Do not be downhearted about the outcome of the Bali talks. They did not deliver the binding commitments to cuts in greenhouse gas emissions that are desperately needed, and as a result millions may die. But they showed us the human race trying to grow up and take responsibility for its common future.
It doesn’t feel like that, of course. It feels like 15,000 politicians, diplomats, journalists and activists flew across continents to sit in Bali and achieve very little. Disappointment and even anger are not out of order, for the commitment to early and deep emission cuts (25 to 40 per cent by 2020) that most developed countries wanted to see in the draft treaty had to be dropped in order to keep the United States of America involved at all.
The Bush administration no longer denies that climate change is a problem, but it is still determined to kill any international deal that involves concrete and legally binding targets. The US produces about a quarter of the world’s emissions, so no deal that excludes it would work. Moreover, the developing countries where emissions are growing fastest, particularly China and India, will never accept obligations of their own while the US accepts none. So the American delegation had to be kept on board no matter how obstructive it was.
It was amazingly obstructive. There must be no targets, there must be no timetables, there must be no numbers at all in the “roadmap” for the next two years of negotiations on a successor to the Kyoto treaty, insisted chief US negotiator Harlan Watson. Why not? Because “once numbers appear in the text, it prejudges the outcome and will tend to drive the negotiations in one direction.” Yes, but if everybody’s shared goal is to cut emissions and avoid catastrophic climate change, what’s wrong with that?
It was Al Gore who saved the day with a speech urging the conference to be patient. “My own country, the United States, is mainly responsible for obstructing progress at Bali,” he admitted, but “over the next two years the United States is going to be somewhere it is not now....One year and forty days from today there will be a new (presidential) inauguration in the United States.”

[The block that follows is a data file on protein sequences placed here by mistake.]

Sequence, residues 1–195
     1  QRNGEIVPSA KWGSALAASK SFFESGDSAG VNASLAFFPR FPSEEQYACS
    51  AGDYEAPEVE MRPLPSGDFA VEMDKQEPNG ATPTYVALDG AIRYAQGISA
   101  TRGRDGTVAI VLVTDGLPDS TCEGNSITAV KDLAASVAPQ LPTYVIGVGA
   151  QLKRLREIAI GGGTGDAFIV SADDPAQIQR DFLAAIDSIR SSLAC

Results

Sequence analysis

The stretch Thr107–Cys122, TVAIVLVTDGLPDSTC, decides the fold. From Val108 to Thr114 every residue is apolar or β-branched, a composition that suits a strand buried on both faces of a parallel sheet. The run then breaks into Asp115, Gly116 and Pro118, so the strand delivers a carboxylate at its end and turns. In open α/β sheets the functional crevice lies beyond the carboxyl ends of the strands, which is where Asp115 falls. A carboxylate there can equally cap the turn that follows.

“If you decide to continue the progress that has been made here... on the hope and with the expectation that...you will be able to fill in that blank (with the help of a different position from the United States), then you can make great progress here.” Bush will be gone. Even though time is short, you have to wait him out.
The conference took Gore’s advice and removed the numbers from the text. Even then, astonishingly, the US delegation declared that it could not support the revised text — and a chorus of boos rang out. A delegate from Papua New Guinea stood up and told the US delegation: “If you’re not willing to lead, please get out of the way.” After a short huddle, the US delegation announced that it would support the revised text after all.
So there is a “roadmap” for the next two years of negotiations, although it has no hard numbers in it. Low-level meetings will continue over the next year, but the next big conference, scheduled for Poland next December, will probably be allowed to slip by a couple of months so that the new US administration is in office. And then, hopefully, they can put the numbers back in.
There is no guarantee that the emissions cuts they finally agree upon in 2009 will be big enough, or that everybody will meet their commitments. Runaway global warming is a serious possibility, in which case we may be facing megadeaths by mid-century. But Bali was not a futile or a shameful exercise. It was six billion people in 180 separate countries trying to cope with a shared danger in a cooperative way. It was actually quite inspiring, and even fifty years ago it would have been inconceivable.